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U.S. Department of the Interior / U.S. , Rocks, and

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0. Front and back cover: This photographic collage of fossils shows the amazing diversity of and on over the last 600 million . Fossils, Rocks, and Time by Lucy E. Edwards and John Pojeta, Jr.

A scientist examines and compares shells. Introduction e study our Earth for many reasons: to find to drink or oil to run our cars Earth is Wor to heat our homes, to know constantly where to expect earthquakes or landslides or floods, and to try to understand our natural sur­ changing roundings. Earth is constantly changing nothing nothing on its on its surface is truly permanent. Rocks that are now on top of a mountain may once have been surface is truly at the bottom of the sea. Thus, to understand permanent. the we live on, we must add the dimension of time. We must study Earth's . When we talk about , time is measured in years, , and tens of cen­ turies. When we talk about Earth history, time is measured in millions and billions of years. Time is an everyday part of our . We keep track of time with a marvelous invention, the cal­ endar, which is based on the movements of Earth in . One spin of Earth on its axis is a , and one trip around the is a . The modern is a great achievement, developed over many thousands of years as theory and technology improved. People who study Earth's history also use a type of calendar, called the . It looks very different from the familiar calendar. In some ways, it is more like a book, and the rocks are its pages. Some of the pages are torn or missing, and the pages are not numbered, but gives us the tools to help us read this book.

A photographic collage depicting the diversity and of life on Earth through the last 600 million years. The oldest fossils are at the bottom and youngest at the top. The size of each time interval is proportional to its . ^*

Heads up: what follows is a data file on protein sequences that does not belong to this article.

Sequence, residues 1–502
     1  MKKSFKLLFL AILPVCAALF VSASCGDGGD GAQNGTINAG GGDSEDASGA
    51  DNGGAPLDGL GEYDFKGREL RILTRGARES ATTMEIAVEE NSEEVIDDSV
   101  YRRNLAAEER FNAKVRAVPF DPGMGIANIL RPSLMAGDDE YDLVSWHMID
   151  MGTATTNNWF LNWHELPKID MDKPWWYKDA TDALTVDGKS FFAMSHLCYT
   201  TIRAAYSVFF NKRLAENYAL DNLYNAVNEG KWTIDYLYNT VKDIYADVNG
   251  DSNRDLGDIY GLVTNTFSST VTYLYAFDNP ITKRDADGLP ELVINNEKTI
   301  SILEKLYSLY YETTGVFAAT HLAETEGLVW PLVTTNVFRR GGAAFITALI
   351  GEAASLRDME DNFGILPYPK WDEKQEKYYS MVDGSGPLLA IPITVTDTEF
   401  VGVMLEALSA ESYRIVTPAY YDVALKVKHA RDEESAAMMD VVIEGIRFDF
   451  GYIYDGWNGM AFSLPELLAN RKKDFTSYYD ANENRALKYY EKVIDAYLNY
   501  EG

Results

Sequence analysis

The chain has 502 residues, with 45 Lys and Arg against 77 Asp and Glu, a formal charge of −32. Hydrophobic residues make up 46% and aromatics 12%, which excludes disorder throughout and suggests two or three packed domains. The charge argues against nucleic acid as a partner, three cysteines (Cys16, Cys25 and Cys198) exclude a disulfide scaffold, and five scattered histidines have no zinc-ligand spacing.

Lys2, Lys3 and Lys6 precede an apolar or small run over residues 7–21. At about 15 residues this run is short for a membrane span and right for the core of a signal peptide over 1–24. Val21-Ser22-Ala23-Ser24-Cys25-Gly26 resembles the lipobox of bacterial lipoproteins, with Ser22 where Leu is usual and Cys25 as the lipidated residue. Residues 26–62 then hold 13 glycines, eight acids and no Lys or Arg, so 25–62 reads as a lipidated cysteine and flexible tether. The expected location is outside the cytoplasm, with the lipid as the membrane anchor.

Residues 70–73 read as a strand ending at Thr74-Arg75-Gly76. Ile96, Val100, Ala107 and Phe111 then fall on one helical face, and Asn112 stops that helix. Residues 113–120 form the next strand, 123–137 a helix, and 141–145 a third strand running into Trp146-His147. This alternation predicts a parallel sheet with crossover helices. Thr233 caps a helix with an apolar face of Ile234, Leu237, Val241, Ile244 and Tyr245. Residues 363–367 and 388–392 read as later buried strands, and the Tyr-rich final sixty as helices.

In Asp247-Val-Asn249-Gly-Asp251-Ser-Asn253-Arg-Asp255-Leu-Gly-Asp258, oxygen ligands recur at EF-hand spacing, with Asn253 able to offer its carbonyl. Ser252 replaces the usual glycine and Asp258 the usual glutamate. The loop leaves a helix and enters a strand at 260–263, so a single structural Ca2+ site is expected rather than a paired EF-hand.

Proterozoic Putting Events in Order cientists who study the try to put events in their proper order. When we S discuss events that happened in histor­ ical , we often use dates or numbers, but we do not have to do so. Consider six historical events: the Wright brothers' flight, the bicentennial of American in­ dependence, the First and World , the first astronaut landing on the , and when television became common in homes. First, let's try to put these events in order. Our knowledge of the words first and second tells us that the First World came before the Second . We may know or may have been told that the landing of on the moon was seen by many people on televi­ sion, but there was no television around when the Wright brothers flew at Kitty Hawk. Thus, we can order these three events: first Wright

In layered rocks like these at Saint Stephens, Alabama, can easily deter­ mine the order in which the rocks were formed. ^ ^ Television common in homes

Wright brothers at Kitty Hawk

First World War

American Bicentennial 1976

Neil Armstrong walks on the Moon 1969

Television common in homes 1950's

Second World War 1939-1945